Dirty Pictures

Dirty Pictures is not a good film. The pacing and focus is scattershot, like a series of half-finished sentences. The editing is to blame here as the insistence on mixing documentary interviews and footage with a courtroom, jury-room, family, political, social, etc. drama never allows the film an identity. It’s dramatically and emotionally stilted. The characters are bland, with the worst being one-dimensional caricatures that make the film feel more like propaganda than it was probably intended to be. The acting is amateurish, and even James Woods can’t add any vitality

But what exactly is it that allows me to pass such judgment on the film to begin with? Is it actually something in the film? Is it just something inside me as a viewer? Is it a mixture? Where do these standards come from, how do they form, and how do we decide what standard to apply to what art and whether or not it falls within any notions of good, bad, or any other categorical adjective you might use? More importantly, as you might be asking, what the hell does that have to do with this film? Read more of this post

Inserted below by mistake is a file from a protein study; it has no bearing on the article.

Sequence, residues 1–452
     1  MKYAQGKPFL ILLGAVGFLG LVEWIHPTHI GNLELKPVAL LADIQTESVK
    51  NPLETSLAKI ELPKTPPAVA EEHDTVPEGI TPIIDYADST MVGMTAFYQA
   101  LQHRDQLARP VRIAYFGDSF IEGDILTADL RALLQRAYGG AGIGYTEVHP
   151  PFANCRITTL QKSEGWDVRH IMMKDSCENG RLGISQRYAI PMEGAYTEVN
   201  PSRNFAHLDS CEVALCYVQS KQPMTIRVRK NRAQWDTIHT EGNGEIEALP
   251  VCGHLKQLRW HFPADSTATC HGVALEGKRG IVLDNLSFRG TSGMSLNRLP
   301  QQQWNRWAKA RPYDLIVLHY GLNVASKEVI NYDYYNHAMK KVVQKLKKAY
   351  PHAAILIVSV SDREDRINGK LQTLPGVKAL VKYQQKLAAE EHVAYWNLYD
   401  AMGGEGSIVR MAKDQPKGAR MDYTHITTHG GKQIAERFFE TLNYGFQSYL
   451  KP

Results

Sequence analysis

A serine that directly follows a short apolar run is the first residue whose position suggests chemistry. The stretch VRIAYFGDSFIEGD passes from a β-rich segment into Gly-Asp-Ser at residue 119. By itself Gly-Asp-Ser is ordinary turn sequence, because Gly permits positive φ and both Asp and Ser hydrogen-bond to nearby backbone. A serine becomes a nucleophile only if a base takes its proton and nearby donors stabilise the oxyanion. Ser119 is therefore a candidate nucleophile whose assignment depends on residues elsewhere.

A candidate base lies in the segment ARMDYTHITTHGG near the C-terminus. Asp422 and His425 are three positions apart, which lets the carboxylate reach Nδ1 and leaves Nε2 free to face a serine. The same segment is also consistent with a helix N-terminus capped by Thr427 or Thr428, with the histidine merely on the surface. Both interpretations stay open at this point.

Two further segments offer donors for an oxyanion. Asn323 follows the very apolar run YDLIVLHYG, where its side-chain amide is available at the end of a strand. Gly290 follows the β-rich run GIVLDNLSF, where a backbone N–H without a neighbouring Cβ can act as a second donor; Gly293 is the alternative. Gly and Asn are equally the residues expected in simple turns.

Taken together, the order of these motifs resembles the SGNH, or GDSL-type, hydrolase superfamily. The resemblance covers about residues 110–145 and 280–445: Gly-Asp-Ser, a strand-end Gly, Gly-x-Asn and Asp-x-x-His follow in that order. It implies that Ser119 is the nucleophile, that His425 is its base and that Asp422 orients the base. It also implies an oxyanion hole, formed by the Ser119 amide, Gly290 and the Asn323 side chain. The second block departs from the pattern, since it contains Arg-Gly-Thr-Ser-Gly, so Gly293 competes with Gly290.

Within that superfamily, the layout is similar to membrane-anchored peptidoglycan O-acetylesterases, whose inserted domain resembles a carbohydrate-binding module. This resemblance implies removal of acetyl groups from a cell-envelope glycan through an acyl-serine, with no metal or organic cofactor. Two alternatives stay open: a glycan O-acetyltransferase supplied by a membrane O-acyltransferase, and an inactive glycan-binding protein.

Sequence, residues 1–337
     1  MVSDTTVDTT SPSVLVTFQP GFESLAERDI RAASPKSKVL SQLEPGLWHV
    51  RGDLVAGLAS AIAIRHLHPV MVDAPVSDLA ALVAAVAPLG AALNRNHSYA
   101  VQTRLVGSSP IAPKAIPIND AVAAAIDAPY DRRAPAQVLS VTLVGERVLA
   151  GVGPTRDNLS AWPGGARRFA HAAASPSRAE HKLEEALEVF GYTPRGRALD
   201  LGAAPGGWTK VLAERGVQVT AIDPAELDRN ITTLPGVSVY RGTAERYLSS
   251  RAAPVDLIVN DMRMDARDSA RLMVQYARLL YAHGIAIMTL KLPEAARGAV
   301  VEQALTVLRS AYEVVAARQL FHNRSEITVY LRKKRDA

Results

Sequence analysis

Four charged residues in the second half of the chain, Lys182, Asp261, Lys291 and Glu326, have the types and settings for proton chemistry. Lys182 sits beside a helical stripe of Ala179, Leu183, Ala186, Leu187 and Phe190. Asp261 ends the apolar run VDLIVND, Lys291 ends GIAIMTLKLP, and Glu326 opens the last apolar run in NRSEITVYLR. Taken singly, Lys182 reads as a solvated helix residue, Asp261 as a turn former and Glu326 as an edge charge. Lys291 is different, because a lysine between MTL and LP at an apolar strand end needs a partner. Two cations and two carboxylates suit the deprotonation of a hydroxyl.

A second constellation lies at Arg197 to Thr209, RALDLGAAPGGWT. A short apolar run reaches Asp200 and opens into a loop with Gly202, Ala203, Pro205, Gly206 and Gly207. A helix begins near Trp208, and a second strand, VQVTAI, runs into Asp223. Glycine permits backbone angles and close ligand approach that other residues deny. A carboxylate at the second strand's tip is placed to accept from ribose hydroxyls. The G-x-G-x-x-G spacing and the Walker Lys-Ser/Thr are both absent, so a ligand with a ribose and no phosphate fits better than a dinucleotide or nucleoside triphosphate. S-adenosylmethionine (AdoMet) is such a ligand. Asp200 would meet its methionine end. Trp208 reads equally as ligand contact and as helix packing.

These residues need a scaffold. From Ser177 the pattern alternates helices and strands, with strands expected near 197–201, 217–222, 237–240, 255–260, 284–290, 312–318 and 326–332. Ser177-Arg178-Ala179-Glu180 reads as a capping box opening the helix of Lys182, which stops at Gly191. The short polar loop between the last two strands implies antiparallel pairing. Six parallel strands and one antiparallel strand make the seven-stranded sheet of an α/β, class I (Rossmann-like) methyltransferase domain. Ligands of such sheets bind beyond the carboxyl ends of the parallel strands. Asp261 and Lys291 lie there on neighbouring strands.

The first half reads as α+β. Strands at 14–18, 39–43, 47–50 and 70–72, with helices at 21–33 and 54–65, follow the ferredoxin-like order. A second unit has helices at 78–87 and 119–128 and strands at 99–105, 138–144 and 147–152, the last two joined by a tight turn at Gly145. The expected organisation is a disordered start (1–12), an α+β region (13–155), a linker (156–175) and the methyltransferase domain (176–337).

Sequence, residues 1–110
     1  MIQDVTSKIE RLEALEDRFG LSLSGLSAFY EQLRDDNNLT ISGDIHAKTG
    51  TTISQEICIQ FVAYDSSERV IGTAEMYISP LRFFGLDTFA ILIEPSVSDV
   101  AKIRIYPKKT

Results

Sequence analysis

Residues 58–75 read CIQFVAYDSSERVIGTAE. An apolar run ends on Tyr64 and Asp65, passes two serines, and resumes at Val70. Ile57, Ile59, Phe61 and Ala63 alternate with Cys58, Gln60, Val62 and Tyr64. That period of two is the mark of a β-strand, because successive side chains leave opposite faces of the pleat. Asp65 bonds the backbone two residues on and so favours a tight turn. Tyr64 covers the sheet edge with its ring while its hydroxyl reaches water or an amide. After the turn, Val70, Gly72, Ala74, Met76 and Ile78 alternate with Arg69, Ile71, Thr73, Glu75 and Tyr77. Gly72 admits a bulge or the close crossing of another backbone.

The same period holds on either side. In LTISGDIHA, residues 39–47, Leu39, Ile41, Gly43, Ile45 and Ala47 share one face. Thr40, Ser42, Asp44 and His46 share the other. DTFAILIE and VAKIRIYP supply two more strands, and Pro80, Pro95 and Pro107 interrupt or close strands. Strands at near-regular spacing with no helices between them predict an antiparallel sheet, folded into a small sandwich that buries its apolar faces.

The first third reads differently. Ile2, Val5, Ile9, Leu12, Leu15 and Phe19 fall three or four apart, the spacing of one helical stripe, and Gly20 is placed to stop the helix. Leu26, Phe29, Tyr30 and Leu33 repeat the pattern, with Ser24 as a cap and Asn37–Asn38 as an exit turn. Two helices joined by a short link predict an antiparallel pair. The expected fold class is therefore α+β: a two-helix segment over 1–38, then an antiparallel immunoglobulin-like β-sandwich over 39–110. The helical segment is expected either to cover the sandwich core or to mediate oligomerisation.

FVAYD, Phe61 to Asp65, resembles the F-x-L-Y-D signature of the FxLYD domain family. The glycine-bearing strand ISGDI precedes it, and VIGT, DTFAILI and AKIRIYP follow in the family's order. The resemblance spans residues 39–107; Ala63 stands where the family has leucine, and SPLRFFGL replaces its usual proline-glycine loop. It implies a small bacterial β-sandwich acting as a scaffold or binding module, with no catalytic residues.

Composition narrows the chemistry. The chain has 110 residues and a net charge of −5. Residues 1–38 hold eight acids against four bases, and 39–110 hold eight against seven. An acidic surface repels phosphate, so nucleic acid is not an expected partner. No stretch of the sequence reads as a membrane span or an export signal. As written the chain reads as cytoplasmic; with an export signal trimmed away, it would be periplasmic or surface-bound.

Cashback began life as a 15 min. short film that struck a chord with audiences enough that it won an Oscar nomination. The writer/director/producer Sean Ellis decided it would be worth it to expand it into a feature that incorporated the short, saving time and money. It reportedly only took him a few weeks to write the script and get the entire cast onboard, including the lead, Sean Biggerstaff who plays Ben Willis, a young art student suffering from insomnia (two weeks worth, at least) after a traumatizing breakup with his girlfriend, Suzy (Michelle Ryan). To pass the extra 8-hours of day, Ben takes a job at a local supermarket where he meets his egomaniacal boss named Jenkins (Stuart Goodwin), two loafers named Barry (Michael Dixon) and Matt (Michael Lambourne), and a pretty checkout girl named Sharon (Emilia Fox). Because of his insomnia, Ben finds himself able to manipulate time, eventually being able to pause the present whenever he wants. Read more of this post